Scott Greer, Revolver, February 4, 2021
Harriet Tubman’s dour face will soon appear on the twenty-dollar bill. Joe Biden’s administration recently announced it would speed up the process to make this happen.
Tubman will replace Andrew Jackson on the currency. Donald Trump stalled this process and opposed the seventh president’s removal. The new president doesn’t share his predecessor’s enthusiasm for Old Hickory. Jackson is one of the most consequential figures in American history. He was a war hero, a conqueror, a genuine populist who fought for the people against elite interests, and a great president. He embodied the hard-fighting Ulster Scots who settled the frontier and triumphed over Indian savagery. Outside of the Founders, hardly any Americans can claim more importance than Jackson. Harriet Tubman certainly can’t compare.
Prior to our woke era, Jackson was admired by a wide-array of Americans of all political persuasions. But Old Hickory is no longer honored because he’s white and “racist.” He owned slaves, killed Indians, and set in motion the Trail of Tears. That’s all NPC Americans, happy in their ignorance produced by public school propaganda, know him for. And they’re happy to see him go. Here’s one standard response on Jackson’s replacement by Tubman, courtesy of the Washington Post’s Paul Waldman:
Jackson was a notorious racist, a slaver who as president was responsible, among other things, for the Trail of Tears, in which thousands of Native Americans died as they were forcibly pushed west. Tubman, on the other hand, is one of the greatest heroes America has produced. [Washington Post]
Waldman doesn’t explain how Tubman was one of the greatest heroes America ever produced–the reader is just expected to know she is. The average person would say she helped free hundreds, maybe even thousands of slaves. She was a Union supersoldier who led daring raids on Confederate positions. And, not least of all, she supported women’s suffrage! Without Tubman, America may not be here today. Don’t ask why hardly anyone talked about her before the 1970s. That was simply the work racist white academics who tried to hide our real founders.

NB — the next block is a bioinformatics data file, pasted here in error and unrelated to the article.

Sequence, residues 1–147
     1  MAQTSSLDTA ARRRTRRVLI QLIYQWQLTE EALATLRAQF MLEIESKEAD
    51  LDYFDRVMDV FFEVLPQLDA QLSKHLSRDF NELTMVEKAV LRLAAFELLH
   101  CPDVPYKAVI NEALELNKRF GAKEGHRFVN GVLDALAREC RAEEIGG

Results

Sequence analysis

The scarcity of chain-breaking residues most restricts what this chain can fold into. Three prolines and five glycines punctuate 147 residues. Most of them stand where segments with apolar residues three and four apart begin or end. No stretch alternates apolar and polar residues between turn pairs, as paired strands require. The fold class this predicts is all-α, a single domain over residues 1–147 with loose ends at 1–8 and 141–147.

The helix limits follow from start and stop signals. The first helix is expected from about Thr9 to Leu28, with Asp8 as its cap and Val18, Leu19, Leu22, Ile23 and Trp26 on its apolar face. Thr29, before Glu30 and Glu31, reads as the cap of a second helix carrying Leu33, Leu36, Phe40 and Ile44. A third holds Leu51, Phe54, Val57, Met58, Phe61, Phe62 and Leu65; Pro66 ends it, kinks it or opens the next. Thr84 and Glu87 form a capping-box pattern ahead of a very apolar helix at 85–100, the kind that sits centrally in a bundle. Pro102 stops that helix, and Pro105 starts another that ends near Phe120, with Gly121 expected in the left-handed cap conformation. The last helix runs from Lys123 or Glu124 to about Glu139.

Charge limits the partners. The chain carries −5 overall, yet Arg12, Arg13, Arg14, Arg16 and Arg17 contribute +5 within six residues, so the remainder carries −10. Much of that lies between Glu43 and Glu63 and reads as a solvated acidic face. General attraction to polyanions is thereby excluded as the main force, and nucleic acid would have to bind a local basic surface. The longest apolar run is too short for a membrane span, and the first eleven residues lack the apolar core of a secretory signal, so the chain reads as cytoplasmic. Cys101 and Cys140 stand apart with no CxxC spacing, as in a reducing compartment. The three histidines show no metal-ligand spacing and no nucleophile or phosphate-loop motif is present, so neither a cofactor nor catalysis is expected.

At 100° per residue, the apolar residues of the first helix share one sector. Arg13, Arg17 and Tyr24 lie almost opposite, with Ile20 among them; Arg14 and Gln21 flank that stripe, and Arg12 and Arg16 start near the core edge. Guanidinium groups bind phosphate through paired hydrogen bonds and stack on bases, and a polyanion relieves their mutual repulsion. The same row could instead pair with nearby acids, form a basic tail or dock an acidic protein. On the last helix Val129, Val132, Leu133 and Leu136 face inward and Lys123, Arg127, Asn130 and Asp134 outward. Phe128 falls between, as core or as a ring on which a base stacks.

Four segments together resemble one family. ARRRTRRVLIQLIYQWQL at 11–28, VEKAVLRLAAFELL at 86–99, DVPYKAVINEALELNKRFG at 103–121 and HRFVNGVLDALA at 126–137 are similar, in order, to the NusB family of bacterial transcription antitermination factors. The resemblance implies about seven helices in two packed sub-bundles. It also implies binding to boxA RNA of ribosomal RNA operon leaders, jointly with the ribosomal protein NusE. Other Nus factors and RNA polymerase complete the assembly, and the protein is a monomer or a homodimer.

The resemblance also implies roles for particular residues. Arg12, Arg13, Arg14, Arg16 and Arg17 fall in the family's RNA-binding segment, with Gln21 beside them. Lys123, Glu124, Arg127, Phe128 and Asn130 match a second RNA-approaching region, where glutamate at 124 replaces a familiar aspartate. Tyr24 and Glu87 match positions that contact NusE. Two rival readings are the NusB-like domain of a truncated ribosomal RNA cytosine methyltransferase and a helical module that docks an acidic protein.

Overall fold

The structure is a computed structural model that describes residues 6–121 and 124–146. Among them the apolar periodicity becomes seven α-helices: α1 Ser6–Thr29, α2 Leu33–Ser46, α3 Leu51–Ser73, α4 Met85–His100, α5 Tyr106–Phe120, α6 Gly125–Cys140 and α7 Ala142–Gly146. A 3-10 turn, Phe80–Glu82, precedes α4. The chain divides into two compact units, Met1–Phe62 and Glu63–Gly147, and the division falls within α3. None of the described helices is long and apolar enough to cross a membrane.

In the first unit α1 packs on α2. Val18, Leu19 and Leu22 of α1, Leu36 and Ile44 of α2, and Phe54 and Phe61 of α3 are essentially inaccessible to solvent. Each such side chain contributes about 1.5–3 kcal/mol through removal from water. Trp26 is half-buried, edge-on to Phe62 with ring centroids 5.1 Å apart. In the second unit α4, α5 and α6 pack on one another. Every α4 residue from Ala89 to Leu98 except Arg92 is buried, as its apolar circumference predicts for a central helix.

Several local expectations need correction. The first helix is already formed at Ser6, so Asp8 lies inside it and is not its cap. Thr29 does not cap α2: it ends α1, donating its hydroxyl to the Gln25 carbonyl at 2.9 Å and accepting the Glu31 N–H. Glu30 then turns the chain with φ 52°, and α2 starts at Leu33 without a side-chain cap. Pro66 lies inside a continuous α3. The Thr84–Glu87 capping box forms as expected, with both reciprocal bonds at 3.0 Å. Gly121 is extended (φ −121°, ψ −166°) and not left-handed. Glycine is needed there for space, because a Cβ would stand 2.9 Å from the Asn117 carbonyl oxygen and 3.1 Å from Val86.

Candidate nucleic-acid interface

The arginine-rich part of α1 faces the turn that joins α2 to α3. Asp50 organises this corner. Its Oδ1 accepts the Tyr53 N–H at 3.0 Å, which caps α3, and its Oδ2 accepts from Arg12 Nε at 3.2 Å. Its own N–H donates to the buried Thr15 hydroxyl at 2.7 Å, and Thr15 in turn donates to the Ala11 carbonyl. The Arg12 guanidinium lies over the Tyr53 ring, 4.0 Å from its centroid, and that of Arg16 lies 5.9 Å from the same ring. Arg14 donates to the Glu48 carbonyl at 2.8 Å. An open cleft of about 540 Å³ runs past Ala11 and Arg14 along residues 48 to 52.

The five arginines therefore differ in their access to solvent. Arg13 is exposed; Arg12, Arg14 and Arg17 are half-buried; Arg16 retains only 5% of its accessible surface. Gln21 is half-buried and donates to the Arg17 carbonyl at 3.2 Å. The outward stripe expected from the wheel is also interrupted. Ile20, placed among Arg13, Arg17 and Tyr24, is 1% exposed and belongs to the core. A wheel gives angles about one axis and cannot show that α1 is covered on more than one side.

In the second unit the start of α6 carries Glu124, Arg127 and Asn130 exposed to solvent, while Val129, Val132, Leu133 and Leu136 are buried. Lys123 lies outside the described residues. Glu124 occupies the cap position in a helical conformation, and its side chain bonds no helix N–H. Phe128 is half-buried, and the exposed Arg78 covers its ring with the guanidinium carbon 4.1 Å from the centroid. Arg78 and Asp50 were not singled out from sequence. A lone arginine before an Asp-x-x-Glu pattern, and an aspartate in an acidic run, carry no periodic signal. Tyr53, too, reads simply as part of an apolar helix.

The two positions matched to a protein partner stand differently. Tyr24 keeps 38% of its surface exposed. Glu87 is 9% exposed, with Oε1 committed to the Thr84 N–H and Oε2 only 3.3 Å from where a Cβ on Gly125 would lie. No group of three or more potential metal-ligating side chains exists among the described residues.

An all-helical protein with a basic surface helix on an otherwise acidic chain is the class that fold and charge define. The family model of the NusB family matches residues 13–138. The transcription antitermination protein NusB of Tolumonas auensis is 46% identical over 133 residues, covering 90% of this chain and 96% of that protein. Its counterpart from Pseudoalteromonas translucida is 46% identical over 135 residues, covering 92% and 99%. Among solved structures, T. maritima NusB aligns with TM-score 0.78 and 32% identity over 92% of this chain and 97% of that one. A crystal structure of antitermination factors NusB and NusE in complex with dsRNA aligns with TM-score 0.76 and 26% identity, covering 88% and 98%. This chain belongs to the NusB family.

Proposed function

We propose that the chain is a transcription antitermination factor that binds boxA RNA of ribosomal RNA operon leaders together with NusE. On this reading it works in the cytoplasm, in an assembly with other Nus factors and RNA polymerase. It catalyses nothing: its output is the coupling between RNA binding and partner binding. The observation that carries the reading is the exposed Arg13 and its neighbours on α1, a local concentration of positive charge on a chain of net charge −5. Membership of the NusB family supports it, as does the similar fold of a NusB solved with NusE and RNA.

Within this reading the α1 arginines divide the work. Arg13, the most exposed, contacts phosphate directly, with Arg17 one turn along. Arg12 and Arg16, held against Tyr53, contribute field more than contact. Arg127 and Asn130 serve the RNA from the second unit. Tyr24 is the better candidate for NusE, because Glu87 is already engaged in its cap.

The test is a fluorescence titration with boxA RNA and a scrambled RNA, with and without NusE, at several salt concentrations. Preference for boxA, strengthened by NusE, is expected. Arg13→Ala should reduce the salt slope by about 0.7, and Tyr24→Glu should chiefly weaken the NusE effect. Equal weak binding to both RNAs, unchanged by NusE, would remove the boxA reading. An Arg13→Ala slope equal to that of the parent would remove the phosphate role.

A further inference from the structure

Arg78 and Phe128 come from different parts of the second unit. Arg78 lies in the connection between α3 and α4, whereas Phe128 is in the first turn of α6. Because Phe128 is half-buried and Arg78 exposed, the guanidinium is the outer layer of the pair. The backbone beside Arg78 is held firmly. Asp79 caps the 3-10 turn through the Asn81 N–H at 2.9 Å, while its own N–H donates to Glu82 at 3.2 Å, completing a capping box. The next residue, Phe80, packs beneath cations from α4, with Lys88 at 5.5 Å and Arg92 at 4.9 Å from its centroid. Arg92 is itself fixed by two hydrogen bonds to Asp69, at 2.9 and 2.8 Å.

The Tubman legend, as even some honest lefty journalists and historians admit, is based on a lot of tall tales and exaggerations. When Tubman was first proposed as Jackson’s replacement in 2016, the Guardian gently tried to tamp down on the Tubman mythos. The liberal outlet cited the work of biographer Kate Larson to make its case:
Inflated figures about how many enslaved people Tubman rescued also seeped into the discussions. Citing Tubman’s own words, Larson that Tubman led about 70 enslaved people on 13 trips from Maryland to freedom, rather than 300 or 1,000 people, as is written. She also instructed about 70 more people on how to traverse the underground railroad. [Guardian]
Larson said misconceptions about Tubman had flourished in part because she was a “malleable icon”. As she was illiterate and unable to record her own history, little is definitively known about many details of Tubman’s life, Larson said.
This view is also shared by James McPherson, arguably the foremost expert on the Civil War era. He wrote in a 2004 New York Review of Books essay: